(background chatter)

>> Ah, gentlemen, may I have a quiet word with you?

The Hejaz delegation, today we have

a golden opportunity to apply the

principles of self determination.

>> Prior agreements complicate the issue of principle.

>> Oh, but surely.

>> The principles, surely, are to adopt in this matter,

is what is best for the Arabs,

not necessarily what they imagine they want.

The British, and their allies, the French,

are equally eager to offer themselves up

as midwives at the birth of an Arab nation.

It seems clear to me, that this conference,

should concern itself with, above all,

with selecting which limbs of Arabia,

each of us should be responsible for.

>> Heads or tails.

>> Shall we proceed?

(background chatter)

>> Good morning Eddie.

(speaking in foreign language)

>> I feel sure that the council,

would wish to welcome the Hejaz delegation,

and it's representative the Emir Faisal.

(speaking foreign language)

>> With the permission of the council,

France has asked to appoint our own interpreter,

in order to verify Colonel Lawrence's translation.

>> Your excellencies, when I received

the formal order to go to the Paris Peace Conference,

I went to my father and asked him

for the political documents containing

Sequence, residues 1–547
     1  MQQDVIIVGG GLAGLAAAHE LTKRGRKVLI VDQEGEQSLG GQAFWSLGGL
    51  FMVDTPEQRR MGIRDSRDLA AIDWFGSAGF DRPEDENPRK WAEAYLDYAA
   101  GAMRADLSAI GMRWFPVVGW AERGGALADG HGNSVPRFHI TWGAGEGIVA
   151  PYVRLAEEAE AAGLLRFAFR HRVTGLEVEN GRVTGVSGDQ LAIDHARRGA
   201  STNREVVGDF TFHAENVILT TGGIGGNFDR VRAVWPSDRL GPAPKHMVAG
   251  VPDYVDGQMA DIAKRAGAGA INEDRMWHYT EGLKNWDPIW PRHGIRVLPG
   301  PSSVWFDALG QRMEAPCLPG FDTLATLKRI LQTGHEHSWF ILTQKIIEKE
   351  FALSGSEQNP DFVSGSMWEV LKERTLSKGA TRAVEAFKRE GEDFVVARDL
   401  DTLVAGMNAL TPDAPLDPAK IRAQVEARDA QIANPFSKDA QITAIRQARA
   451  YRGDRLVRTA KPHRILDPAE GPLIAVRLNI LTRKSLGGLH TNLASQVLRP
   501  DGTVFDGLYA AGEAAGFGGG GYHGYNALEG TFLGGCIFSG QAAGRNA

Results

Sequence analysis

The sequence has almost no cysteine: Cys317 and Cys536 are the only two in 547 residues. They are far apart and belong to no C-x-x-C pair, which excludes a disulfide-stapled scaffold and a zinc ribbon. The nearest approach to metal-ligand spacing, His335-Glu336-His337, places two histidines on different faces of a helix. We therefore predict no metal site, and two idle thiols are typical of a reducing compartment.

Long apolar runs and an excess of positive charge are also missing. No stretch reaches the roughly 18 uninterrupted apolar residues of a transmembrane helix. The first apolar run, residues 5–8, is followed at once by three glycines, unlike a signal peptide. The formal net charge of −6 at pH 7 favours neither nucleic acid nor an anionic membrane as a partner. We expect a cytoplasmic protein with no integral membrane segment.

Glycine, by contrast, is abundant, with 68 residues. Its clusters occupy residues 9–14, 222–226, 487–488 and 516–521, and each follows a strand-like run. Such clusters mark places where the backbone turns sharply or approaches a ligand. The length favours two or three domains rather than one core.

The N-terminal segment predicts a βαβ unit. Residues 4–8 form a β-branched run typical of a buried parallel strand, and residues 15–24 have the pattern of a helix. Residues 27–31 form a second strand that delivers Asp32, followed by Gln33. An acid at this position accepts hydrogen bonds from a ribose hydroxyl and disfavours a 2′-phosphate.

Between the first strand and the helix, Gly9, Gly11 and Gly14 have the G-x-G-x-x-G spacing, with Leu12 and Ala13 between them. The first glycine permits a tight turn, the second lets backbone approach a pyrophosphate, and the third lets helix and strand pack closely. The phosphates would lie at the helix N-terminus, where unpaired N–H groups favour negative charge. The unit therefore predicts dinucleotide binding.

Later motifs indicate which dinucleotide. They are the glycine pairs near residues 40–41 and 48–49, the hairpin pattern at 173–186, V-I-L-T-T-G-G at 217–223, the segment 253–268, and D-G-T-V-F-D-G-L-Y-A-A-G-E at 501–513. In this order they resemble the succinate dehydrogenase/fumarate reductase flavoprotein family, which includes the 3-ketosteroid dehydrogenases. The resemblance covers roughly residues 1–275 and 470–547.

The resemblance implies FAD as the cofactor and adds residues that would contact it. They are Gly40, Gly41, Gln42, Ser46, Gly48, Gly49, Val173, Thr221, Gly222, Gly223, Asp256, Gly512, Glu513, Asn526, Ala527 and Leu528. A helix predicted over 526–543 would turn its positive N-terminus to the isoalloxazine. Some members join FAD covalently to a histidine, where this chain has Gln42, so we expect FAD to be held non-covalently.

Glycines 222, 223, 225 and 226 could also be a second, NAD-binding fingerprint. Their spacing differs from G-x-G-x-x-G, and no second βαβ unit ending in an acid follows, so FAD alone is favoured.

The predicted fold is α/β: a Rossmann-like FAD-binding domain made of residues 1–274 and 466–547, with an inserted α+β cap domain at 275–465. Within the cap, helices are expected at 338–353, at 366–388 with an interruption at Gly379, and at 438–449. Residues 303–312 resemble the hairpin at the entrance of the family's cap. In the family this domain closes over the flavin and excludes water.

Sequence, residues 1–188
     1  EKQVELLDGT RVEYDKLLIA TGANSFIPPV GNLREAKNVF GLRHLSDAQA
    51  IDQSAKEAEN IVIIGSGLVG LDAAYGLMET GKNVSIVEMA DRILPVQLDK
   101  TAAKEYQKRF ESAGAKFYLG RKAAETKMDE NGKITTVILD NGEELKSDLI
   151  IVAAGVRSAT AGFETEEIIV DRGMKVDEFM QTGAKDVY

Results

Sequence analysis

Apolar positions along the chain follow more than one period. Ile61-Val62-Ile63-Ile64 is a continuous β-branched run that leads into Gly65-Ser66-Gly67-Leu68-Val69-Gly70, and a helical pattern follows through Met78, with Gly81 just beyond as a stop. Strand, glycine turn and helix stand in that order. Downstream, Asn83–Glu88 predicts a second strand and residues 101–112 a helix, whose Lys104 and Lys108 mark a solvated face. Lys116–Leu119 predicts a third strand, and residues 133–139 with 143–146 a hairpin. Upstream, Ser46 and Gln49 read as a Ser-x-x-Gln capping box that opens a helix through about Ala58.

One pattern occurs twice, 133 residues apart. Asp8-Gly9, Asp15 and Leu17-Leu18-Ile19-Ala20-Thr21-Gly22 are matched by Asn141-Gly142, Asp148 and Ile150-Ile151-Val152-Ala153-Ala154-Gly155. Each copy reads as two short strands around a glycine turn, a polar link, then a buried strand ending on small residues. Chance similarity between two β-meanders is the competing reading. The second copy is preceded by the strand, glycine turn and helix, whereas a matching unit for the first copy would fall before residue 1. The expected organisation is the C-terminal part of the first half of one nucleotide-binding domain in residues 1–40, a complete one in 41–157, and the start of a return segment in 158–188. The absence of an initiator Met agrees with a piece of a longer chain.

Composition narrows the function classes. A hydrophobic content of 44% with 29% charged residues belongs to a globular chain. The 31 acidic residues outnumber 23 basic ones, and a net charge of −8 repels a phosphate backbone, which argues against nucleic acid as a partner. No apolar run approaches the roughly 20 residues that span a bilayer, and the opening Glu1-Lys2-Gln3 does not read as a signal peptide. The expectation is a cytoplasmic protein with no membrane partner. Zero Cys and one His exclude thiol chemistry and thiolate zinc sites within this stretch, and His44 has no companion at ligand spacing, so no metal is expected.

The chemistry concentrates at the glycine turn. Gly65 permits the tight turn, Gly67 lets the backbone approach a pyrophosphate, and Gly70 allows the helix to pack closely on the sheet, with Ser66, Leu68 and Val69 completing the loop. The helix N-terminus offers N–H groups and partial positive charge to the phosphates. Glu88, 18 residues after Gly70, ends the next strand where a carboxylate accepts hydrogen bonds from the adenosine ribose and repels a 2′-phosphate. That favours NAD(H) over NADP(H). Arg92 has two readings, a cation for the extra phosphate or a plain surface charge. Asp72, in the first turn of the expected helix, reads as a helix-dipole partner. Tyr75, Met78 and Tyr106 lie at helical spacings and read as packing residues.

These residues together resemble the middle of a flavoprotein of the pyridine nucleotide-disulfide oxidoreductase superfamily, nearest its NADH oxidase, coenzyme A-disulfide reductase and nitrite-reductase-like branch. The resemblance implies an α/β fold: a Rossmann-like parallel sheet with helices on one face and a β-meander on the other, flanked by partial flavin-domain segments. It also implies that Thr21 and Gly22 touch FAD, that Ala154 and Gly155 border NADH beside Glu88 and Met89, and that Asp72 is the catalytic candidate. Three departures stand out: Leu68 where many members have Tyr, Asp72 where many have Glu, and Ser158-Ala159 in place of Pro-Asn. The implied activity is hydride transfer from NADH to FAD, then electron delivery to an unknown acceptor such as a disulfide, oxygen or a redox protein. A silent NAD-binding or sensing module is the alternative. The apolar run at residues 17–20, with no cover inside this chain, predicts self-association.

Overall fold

the promises made to him by England,

which I had not yet seen, I know though

that these promises were contained

in a letter sent by the British government.

My father replied that this letter was in England,

and that I had no need of it,

I offer this as more proof of the absolute trust

my father has in the government of Great Britain.

You excellencies, I, however, would like

to see this letter, and I would like

it's contents to be made known here,

for in it, I believe there are no divisions,

no spheres of influence, but a promise to the Arabs

of their absolute independence.

Your excellencies, our cause is this,

that all Arabic speaking regions

should enjoy individual independence.

Your excellencies, show us the letter,

it predates any secret agreement

made between Great Britain and France,

and any such agreement was rendered

meaningless when I and Colonel Lawrence

marched, triumphant, into Damascus.

(speaking foreign language)

>> The Baron doesn't understand English,

we are to congratulate Colonel Lawrence

on his understanding of the Arabic language,

but I fear his interpretation was entirely lost

on certain members of the Council of Ten.

(speaking foreign language)

>> Perhaps Colonel Lawrence could provide us

with one of his instant translations,

only this time, in French.

>> That seems a lot to ask, Prime Minister.

(speaking foreign language)